NORMAL — David Kirk wants to “dispel some myths” about video gaming.
Gamers are not “living in their parents’ basements, drinking Mountain Dew and eating Doritos,” said Kirk, recently named director of Illinois State University’s esports program.
Instead, they are learning teamwork, communication, critical thinking, leadership and time management — skills valuable to future employers — say Kirk and others involved in the burgeoning field of competitive collegiate esports.
In several cases, students are demonstrating those skills by leading the charge to have their schools elevate teams from club status to the varsity level.
Danii Green of Bloomington, a sophomore in computer science and sociology at Heartland Community College, approached Athletics Director Ryan Knox in fall of 2018 and “asked what it would take to turn our club into a varsity esport…. It was a long journey, but it was well worth it.”
Skylar Guimond, Heartland’s director of student engagement, said, “We’re really responding to the needs and wants of our students.”
The varsity program is scheduled to start this fall at Heartland.
It wouldn’t have been as easy to get the program running if Heartland didn’t already have a team that was competitive as a club team, said Guimond. “Danii has been a big help.”
The story is similar at Lincoln College, where Willie Spratt of Collinsville, a junior in organizational leadership, has been instrumental in getting the varsity program going.
Spratt, in his second year as student government president, started forming esports teams when he was 13 and has competed professionally, winning prize money. He has backed away from the professional side to help develop Lincoln’s program.
“I want something that will last after I leave,” said Spratt.
Competing in esports has “made me a better leader,” he said, and taught him how to multitask, a skill he helps teach as a peer mentor.
“We have proof that the more engaged a student is, the more impactful their education will be,” said Guimond, and that translates into better retention and better grades.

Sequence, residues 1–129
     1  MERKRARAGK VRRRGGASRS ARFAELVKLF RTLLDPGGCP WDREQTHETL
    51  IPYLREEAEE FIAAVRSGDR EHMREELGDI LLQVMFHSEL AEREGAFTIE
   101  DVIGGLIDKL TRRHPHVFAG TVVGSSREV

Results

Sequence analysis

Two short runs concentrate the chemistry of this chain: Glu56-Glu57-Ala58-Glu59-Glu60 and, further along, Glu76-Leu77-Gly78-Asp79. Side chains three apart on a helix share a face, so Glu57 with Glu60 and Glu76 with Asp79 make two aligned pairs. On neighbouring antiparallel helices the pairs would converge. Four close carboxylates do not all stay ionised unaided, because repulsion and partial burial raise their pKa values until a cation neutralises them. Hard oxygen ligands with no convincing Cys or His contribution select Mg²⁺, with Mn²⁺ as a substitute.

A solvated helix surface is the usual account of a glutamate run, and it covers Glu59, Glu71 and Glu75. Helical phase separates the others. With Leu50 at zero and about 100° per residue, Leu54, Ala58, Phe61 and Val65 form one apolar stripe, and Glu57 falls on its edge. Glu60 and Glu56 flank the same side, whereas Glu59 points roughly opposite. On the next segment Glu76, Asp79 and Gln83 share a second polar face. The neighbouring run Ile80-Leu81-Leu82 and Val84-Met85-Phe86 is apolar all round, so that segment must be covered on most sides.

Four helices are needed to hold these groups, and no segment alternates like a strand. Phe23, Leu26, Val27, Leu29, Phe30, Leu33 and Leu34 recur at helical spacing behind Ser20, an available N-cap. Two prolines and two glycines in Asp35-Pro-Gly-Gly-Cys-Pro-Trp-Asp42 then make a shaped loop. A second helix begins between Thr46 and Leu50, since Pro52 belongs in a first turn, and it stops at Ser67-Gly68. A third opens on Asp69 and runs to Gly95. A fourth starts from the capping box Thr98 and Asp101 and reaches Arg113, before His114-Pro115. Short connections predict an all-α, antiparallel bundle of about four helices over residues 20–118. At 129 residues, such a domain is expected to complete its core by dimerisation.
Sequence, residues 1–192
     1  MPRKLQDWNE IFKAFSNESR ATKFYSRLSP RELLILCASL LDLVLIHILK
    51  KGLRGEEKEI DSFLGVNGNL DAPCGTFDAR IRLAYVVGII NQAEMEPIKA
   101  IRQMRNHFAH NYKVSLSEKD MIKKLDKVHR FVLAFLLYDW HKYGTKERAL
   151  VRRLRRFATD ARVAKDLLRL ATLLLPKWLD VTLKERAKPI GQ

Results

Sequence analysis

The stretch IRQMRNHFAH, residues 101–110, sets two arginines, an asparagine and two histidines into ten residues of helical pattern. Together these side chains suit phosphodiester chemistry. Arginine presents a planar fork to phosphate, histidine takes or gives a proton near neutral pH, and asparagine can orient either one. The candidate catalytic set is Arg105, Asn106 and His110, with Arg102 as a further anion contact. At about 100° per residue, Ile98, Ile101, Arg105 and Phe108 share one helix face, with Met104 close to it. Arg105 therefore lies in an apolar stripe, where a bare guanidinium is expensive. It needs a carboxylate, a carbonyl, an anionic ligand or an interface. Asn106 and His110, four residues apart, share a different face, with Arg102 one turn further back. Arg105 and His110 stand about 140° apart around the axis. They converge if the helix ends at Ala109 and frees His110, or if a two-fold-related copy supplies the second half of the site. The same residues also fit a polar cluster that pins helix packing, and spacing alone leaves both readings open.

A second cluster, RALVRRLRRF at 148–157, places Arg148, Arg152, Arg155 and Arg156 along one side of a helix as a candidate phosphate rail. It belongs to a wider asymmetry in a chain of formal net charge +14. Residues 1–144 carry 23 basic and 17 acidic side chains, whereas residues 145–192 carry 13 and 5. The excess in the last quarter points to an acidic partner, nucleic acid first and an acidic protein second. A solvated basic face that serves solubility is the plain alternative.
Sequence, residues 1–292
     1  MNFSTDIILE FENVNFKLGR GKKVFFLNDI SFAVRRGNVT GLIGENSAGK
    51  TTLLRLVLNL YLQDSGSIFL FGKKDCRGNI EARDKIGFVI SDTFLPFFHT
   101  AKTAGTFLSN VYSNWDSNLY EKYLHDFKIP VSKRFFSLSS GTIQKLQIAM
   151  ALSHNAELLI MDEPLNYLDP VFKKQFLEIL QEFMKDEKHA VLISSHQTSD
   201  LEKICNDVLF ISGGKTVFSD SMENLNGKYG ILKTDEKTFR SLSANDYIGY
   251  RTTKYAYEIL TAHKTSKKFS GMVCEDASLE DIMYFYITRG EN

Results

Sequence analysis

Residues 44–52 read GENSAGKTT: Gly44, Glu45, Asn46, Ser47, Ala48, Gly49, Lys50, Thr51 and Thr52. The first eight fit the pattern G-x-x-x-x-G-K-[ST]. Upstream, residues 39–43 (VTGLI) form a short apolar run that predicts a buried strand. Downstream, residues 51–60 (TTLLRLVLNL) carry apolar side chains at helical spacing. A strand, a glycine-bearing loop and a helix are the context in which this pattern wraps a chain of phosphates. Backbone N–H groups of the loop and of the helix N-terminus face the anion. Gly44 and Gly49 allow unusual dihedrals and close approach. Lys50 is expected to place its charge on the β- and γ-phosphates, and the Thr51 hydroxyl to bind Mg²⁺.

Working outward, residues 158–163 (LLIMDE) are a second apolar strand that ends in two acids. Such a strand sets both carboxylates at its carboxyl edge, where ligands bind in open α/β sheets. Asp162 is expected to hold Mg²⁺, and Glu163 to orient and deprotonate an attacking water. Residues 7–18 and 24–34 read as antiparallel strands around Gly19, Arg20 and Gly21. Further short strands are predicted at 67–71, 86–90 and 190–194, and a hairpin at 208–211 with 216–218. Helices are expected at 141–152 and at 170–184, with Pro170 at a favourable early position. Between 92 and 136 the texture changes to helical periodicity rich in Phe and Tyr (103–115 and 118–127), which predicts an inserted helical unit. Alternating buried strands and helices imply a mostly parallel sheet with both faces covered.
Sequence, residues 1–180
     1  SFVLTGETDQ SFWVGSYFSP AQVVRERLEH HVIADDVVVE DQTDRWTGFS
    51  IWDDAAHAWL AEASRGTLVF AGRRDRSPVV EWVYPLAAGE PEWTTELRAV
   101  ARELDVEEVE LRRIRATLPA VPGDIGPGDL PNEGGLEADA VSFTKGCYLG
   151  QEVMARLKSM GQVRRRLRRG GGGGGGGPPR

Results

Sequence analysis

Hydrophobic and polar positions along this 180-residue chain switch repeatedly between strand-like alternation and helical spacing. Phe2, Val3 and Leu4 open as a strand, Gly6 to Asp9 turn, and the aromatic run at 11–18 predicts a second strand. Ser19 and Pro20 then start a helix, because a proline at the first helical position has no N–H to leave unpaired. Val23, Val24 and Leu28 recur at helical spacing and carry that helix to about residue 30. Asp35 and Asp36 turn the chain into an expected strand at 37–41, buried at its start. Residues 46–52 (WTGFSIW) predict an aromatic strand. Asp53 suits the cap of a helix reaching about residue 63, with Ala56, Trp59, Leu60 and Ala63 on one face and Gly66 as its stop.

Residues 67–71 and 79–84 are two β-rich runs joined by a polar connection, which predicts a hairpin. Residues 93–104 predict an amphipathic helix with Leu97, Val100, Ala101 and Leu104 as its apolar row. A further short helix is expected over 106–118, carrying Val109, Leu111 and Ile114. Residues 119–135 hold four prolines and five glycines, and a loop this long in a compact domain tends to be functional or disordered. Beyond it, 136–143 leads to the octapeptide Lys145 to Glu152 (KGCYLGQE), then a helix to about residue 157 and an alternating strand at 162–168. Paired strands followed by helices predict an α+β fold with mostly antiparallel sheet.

Mark Perdue, Lincoln College athletics director, said he would like to see the esports program launch new majors, such as game design.
Kirk said, “There are a lot of opportunities in esports beyond just gaming opportunities.”
Students can gain experience in broadcast production, marketing, event management and the technical side of esports, he said.
“That’s where working with other academic disciplines comes in,” said Kirk.
Jack Blahnik graduated from ISU in December but seized the opportunity to stay as an esports program coordinator for campus recreation.
“I just couldn’t let it go,” said Blahnik, who spent four years in an ISU esports club, including three as president. “There was still so much more I could do here.”
Blahnik said, “ISU was willing to listen to the students and that made all the difference.”
Having varsity-level esports instead of just clubs provides better competition, helps with student recruitment and, in the case of community college students, increases opportunities for scholarships when transferring to other schools, organizers said.
“It’s no different than if their passion is soccer,” said Lincoln College President David Gerlach. “Why have sports on campus? … It builds a better student.”
Josh Mol, a junior in history from Lindenhurst who competes at ISU, said, “We all come together and put our heart and soul into the game. We come together as a team. It’s not just a video game.”
Contact Lenore Sobota at (309) 820-3240. Follow her on Twitter: @Pg_Sobota